GRUB issue after SUSE 11.2 install

I am trying to set up a dual boot system on an Acer One netbook with 2gb ram.
The non-linuz OS is XP Pro, and I’ve spent a lot of time setting up the XP so I’m hoping I won’t have to wipe it clean.

Summary:
Probelms occured during SUSE installation leaving the computer without a recognized OS to boot from. I ran the system recovery from the SUSE install disk which seemed to fix the SUSE problems.
Now SUSE seems to work fine but GRUB offers no Win XP boot option.

These are the detailed steps I’ve taken to install/fix SUSE:

  1. Boot into windows.

  2. Insert the SUSE 11.2 install disk, follow instructions and let the sys reboot into the SUSE install program from the DVD.

  3. SUSE seemed to install correctly except I didn’t have internet access so it couldn’t automatically update itself.

  4. Reboot

  5. Screen shows “No operating system found”
    6… I reboot using the SUSE install disk. I choose “System recovery”.

System recovery found a number of package problems, along with GRUB problems and seemed to fix them all.

  1. I remove the install disk and reboot the system.
  2. GRUB starts and offers Suse normal or Suse safe mode. No Windows option.
  3. SUSE seems to work fine.
  4. I can go to the file manager in SUSE and surf through the NTFS windows partition. It seems intact.

How can I create an XP boot option in GRUB?

Thanks in advance.

It is possible to edit your Grub Menu file and add back in a menu item to run Windows. I do not know for sure which partition your Windows is installed in. Normally it will be the first, but on my Dell Laptop computer, it was the second. Oddly, the first partition was a Windows restore partition that when run would eliminate SuSE from booting. So, you could edit and add one of the following menu options to menu.lst. To edit your Grub menu enter the Run Command:

kdesu kwrite /boot/grub/menu.lst (must enter root user password)

A suggested entry for Windows would be:


###Don't change this comment - YaST2 identifier: Original name: windows 1###
title Windows XP Professional
    rootnoverify (hd0,0)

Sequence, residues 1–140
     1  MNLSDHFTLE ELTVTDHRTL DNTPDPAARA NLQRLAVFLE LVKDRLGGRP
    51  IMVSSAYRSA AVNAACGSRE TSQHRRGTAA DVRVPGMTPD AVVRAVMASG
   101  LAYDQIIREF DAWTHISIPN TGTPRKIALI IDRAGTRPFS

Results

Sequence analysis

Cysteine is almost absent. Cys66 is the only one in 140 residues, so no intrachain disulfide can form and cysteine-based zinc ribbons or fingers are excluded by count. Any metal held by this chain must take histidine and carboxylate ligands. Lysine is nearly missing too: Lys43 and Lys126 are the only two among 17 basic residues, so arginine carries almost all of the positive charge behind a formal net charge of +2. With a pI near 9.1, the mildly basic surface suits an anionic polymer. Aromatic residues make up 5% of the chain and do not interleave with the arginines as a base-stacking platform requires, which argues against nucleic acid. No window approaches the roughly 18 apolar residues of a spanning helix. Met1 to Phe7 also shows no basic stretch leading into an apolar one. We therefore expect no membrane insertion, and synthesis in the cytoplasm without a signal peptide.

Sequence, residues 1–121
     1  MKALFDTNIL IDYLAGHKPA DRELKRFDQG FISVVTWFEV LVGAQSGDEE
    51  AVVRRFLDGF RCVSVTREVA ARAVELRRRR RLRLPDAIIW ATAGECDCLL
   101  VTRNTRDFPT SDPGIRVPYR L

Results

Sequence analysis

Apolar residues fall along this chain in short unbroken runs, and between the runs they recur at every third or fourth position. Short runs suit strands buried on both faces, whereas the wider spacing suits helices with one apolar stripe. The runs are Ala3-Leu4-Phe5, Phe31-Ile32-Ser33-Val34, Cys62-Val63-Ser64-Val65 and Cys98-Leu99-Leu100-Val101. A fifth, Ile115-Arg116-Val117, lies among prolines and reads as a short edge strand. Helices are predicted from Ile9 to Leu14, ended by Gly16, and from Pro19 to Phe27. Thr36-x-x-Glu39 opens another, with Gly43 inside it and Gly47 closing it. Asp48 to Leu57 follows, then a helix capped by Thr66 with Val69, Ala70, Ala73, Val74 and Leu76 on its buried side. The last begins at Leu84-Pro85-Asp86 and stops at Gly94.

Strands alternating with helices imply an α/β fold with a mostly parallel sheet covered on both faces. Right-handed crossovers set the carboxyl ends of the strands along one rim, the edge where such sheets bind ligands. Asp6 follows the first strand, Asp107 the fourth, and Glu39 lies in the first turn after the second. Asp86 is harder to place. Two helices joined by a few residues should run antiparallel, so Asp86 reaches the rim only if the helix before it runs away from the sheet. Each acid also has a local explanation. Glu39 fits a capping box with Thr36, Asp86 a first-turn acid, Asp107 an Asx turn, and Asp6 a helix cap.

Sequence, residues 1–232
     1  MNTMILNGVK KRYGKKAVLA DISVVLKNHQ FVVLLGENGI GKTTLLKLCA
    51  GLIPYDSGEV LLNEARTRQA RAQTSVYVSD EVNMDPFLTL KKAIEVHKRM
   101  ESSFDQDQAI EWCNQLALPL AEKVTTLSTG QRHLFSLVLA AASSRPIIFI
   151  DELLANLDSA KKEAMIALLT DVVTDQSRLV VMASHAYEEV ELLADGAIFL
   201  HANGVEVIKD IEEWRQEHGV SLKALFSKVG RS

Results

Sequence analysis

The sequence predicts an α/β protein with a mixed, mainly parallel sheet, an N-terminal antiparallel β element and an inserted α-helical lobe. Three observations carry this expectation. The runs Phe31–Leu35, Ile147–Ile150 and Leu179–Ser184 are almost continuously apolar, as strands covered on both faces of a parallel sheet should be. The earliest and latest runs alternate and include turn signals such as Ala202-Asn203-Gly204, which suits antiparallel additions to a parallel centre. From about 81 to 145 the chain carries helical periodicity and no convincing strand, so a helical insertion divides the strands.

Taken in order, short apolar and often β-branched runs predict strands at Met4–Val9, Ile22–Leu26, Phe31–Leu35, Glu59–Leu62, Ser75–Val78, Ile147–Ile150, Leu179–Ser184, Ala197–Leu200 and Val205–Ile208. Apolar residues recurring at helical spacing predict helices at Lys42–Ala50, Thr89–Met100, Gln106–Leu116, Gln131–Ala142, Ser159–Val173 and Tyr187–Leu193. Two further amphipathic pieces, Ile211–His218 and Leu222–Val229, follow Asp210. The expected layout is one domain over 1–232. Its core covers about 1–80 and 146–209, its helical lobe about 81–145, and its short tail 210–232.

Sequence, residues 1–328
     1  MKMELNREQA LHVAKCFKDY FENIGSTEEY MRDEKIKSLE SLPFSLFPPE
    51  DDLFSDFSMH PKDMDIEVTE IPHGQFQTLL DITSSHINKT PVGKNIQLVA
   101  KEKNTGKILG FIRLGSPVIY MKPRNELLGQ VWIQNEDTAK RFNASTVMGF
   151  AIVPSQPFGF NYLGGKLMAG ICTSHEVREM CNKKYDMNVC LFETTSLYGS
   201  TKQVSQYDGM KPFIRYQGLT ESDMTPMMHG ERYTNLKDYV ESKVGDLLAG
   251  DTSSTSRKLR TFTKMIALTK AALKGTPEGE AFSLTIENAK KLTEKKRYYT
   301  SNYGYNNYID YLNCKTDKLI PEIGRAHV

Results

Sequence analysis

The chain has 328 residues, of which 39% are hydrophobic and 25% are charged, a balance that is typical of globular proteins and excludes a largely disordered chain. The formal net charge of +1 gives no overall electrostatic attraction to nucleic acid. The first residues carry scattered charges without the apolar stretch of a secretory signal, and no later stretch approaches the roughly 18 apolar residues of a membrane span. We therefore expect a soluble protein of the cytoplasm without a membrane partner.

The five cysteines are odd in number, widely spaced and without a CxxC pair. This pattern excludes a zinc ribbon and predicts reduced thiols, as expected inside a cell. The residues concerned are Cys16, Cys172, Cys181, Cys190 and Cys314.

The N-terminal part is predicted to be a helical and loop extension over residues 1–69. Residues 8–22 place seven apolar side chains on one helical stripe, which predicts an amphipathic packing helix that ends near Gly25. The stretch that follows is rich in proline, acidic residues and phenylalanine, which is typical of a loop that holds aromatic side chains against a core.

chainloader +1

Now if your laptop had a restore partition first, you might need to use the following code:


###Don't change this comment - YaST2 identifier: Original name: windows  1###
title Windows XP Professional
    rootnoverify (hd0,1)
    chainloader +1

There is not much difference, but one works and the other does not work. You can run the Yast Partitioner, looking for the NTFS partition which may be called /sda1 (same as HD0,0 in grub) or /sda2 (same as HD0,1 in grub). There is a whole lot more to it, but this can get you looking in the right direction.

Thank You,

Easy option is to boot from repair section of suse disk and get in custom mode, choose bootloader configuration and add windows xp entry, save and restart.

Thank you very much jdmcdaniel3 and Avenue Max.

I think either one of your suggestions would have been easier than the solution I ended up doing. I booted to an F-disk type partition utility, restored my windows MBR and deleted all the Linux partitions, then reinstalled 11.2.

I’m still very much a learner in SUSE and I’ll remember both your solutions if I happen to be in the same situation again.
Thank you.

SteveFury61, there was nothing wrong with your solution. You maintained your Windows system and repaired your Windows partition while reinstalling openSUSE, where you had less time invested. That was a wise decision when you consider your experience level. I really did the same kind of thing early on until I began to understand just how Linux was installing on my computer. Now I also decided to find a very good Windows backup program, which I decided to use Norton Ghost, to make sure I could get Windows back, just in case.

What you want to read up on I think is the many types of partitions Linux can support, which ones work with Windows, just how many partitions can you have on a disk, how does logical partitions fit into the mix and so forth. You need to understand about booting an operating system from a partition, what does the MBR do, what is an active partition and how does the Grub Operating System Selector work?

Read up on these subject while learning how to use openSUSE. In fact, you should use Firefox to find the answers, save your many examples, figure out how to deal with the many text, document and PDF files while in Linux. It is very good to have some purpose while using Linux as you will find you learn even more about how all of this stuff works together. Come back any time and ask for help if you should get stumped with a subject and never forget to have fun while you are learning.

Thank You,

Mate, you will always find better fixes thru Linux or Unix. Windows are the only orphans in this world.